The Perfect Zombie Game
Even a cursory glance and the video game industry will tell you two things – people like playing zombie games and game developers like putting zombies into their games. Game developers will put zombies in anything, regardless of relevance. Gritty, realistic cowboy game Red Dead Redemption? Zombies. Cold war themed first person shooter? Zombies. And every time zombies get put into a game people buy it. They don’t even have to make sense any more. Design a game where you have to plant a garden to defeat zombies and you’ve got a best seller on your hands.
In spite of this massive volume of output we’re yet to see a really great zombie game. We’ve had some damn good action games with zombies featuring as the main enemy, but none have really embraced the genre of zombie horror. We want a game that ties all the conventions of zombie fiction together. What am I talking about? Let’s break it down…
The best zombie movies, books and comics put the focus on people simply trying to survive. The Walking Dead, World War Z and Night of the Living Dead were all about hiding, barricading windows and trying to find enough supplies to see the next sunrise. Given what a key factor this is in all the best zombie fiction it’s strangely absent from the gaming world. Resident Evil used to make it an important mechanic, forcing players to try and conserve ammo and health herbs (seriously, what’s with the herbs?) to get through the legions of undead. This has been scrapped, along with pretty much anything else that made the series worth playing.
In the Call of Duty zombie side-games the player must monitor the windows and doors and keep them boarded up to prevent zombies from swarming into the stronghold. If the primary mechanics of a zombie game featured putting distance between you and the hordes by pushing furniture against doors and nailing up the windows, or creating other obstacles by trashing walkways, staircases and the like, it’ll create the sense of urgency and horror this genre needs. Throw in scrabbling for weapons and food in every corner before the ghouls bust their way in and it’s fun (I guess?).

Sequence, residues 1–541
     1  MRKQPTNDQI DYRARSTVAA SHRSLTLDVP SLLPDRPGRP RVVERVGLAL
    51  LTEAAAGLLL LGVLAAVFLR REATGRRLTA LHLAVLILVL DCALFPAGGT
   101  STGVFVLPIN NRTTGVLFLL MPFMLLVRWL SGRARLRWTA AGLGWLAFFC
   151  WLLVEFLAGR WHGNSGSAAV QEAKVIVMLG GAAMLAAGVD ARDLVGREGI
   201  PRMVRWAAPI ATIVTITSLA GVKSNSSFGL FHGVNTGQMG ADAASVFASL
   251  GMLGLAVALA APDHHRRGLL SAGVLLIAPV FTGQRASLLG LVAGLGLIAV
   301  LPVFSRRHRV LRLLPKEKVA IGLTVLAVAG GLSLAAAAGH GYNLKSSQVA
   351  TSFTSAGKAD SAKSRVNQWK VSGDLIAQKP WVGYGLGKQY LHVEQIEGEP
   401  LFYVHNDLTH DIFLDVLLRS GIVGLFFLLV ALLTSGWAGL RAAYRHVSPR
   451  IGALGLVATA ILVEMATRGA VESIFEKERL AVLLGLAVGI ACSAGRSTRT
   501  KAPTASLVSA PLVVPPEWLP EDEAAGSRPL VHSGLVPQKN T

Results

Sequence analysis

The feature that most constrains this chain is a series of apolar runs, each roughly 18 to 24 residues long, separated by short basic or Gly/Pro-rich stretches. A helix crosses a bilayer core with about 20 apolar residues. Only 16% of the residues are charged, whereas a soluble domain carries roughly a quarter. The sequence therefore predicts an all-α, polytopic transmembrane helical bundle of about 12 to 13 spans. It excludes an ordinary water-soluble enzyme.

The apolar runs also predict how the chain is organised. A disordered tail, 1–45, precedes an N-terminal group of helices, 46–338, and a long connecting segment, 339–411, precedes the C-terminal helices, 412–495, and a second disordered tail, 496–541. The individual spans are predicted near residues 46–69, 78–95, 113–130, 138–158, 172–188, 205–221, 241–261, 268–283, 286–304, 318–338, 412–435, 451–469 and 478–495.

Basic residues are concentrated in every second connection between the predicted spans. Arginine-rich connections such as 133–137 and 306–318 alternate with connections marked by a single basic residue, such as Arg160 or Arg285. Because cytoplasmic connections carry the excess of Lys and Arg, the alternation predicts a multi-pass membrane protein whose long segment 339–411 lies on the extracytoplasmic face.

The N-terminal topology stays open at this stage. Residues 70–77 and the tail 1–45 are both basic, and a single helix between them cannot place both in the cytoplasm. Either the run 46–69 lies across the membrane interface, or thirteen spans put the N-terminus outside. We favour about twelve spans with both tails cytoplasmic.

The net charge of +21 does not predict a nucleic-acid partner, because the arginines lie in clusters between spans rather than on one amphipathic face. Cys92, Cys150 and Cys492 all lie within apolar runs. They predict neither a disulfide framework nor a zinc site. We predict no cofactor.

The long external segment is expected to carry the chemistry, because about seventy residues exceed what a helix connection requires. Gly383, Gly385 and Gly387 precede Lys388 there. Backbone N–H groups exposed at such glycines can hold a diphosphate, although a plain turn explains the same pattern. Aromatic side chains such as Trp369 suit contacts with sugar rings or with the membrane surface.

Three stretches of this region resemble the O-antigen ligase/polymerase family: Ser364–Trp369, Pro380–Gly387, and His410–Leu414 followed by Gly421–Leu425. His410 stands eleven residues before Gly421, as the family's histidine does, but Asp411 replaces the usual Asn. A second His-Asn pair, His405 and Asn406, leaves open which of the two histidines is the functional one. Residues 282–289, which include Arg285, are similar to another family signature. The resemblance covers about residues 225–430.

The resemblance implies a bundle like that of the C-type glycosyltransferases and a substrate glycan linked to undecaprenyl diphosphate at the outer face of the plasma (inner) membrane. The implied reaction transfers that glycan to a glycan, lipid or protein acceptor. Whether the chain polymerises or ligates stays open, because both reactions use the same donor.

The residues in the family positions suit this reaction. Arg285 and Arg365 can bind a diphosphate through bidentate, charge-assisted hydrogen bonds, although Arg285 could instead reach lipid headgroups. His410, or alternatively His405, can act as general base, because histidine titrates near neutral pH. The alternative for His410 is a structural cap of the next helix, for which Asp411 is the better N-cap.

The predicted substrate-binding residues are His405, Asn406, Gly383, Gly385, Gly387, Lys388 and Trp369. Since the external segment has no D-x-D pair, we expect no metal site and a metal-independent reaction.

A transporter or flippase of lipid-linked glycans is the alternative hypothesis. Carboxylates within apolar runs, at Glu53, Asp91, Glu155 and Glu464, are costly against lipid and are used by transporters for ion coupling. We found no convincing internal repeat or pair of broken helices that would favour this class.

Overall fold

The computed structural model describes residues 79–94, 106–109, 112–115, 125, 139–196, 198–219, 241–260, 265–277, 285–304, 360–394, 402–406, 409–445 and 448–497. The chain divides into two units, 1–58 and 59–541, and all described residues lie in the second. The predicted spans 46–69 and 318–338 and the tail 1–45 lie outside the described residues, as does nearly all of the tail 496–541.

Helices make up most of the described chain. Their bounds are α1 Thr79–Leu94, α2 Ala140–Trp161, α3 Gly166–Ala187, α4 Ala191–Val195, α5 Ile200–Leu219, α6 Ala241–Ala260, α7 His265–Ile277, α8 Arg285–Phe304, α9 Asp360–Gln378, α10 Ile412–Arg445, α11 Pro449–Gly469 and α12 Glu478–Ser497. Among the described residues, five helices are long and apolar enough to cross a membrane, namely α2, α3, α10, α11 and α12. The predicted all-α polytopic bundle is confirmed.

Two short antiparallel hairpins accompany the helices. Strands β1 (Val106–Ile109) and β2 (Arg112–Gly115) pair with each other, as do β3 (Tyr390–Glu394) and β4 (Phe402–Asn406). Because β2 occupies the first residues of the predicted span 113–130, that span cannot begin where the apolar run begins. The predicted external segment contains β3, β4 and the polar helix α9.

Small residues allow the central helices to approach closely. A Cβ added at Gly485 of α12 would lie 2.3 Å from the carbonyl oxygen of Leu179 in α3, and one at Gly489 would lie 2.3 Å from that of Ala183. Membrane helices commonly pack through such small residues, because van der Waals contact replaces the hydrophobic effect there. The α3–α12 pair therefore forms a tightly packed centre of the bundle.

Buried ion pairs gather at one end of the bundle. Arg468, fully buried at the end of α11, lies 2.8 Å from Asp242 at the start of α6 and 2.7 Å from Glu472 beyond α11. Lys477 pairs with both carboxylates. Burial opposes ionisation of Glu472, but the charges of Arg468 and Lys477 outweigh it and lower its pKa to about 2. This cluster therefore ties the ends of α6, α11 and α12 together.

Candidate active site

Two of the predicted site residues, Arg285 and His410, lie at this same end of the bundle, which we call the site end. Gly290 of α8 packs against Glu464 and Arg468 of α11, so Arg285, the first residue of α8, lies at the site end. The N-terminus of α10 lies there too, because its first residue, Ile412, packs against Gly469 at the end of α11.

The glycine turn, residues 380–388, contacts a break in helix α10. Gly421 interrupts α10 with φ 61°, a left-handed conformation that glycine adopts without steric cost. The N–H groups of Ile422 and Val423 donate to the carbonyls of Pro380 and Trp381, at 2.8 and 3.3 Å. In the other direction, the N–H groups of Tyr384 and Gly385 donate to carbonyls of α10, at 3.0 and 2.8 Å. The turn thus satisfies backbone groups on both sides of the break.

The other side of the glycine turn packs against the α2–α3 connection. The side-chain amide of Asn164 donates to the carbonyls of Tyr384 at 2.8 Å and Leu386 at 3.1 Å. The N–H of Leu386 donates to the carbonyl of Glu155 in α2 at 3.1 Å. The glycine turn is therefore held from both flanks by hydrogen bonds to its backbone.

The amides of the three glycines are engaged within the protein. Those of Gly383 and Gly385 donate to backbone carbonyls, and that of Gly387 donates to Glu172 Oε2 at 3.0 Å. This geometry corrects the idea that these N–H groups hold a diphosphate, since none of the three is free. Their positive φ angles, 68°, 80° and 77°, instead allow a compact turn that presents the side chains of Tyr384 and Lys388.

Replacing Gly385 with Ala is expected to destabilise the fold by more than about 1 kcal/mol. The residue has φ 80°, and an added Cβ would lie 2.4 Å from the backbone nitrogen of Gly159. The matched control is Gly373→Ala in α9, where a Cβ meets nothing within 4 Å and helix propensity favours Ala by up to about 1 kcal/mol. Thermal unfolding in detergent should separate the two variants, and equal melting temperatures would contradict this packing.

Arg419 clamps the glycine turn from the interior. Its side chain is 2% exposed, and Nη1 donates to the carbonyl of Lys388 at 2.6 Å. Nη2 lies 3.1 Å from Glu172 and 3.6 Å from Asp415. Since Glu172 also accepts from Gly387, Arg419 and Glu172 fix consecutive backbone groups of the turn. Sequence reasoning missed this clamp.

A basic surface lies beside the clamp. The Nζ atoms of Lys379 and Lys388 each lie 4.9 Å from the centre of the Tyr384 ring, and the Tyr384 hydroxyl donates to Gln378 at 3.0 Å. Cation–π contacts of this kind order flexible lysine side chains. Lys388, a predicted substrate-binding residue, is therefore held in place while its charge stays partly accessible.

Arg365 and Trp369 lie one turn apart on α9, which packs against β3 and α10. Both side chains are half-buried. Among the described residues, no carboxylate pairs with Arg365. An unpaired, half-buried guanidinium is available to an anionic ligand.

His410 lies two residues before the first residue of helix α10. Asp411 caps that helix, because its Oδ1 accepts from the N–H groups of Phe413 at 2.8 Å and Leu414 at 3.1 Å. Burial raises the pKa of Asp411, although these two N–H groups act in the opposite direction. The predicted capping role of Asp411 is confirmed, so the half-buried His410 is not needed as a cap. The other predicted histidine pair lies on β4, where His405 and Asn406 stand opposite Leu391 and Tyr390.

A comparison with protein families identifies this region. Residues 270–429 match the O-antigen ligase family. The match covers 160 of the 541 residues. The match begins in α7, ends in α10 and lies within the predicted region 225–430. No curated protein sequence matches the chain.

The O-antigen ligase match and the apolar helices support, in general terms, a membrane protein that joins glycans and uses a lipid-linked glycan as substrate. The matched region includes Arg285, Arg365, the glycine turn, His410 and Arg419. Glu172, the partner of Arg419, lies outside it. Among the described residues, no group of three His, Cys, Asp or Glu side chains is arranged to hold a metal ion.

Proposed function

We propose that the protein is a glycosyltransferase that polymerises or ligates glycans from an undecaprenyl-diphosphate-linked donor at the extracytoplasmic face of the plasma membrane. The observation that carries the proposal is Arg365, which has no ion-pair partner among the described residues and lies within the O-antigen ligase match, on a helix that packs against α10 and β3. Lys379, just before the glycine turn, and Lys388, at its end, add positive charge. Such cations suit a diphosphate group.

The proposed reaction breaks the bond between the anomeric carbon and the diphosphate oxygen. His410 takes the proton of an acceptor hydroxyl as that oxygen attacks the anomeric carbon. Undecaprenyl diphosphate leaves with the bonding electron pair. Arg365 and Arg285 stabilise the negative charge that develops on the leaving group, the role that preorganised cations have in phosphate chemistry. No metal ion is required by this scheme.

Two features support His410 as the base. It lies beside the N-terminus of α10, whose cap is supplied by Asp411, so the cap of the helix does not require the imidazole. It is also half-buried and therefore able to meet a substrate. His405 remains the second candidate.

After reading the previous two paragraphs you could be forgiven for thinking that I’m a killjoy who doesn’t want to have fun playing video games. Not the case. What we want is balance. A zombie game that doesn’t involve clobbering, flattening, shooting and incinerating zombies isn’t a zombie game worth playing. What a zombie game needs is a sense that the zombies are easy to take down on their own but throwing yourself at the oncoming horde is lunacy.
Zombie games shouldn’t feature gunned up, steroid ridden maniacs laying into the undead, but an average joe using whatever they have at hand to do the job when needed. Guns should be a rarity and come with their own set of risks (loud noises luring the zombies) leaving the player to rely on commonly found blunt objects and anything that can be thrown. Dead Island looked like it might’ve mixed the action and survival pretty well but as good as the action mechanic was it wasn’t well applied to the game, and we wound up slogging through increasingly identical sewer levels.
Zombies. Lots and lots of zombies. A fuckton of zombies. Hordes of zombies so vast that you’re at risk of drowning before you get devoured. If you’re not dealing with Joss-Whedon-at-a-geek-convention level of crowd density then I don’t want to know about it. Resident Evil was marred by technical limitations and only featured a couple at a time – even with a few remaining bullets it’s never difficult to dodge past them. Confrontation should be a last resort unless dealing with small or scattered groups.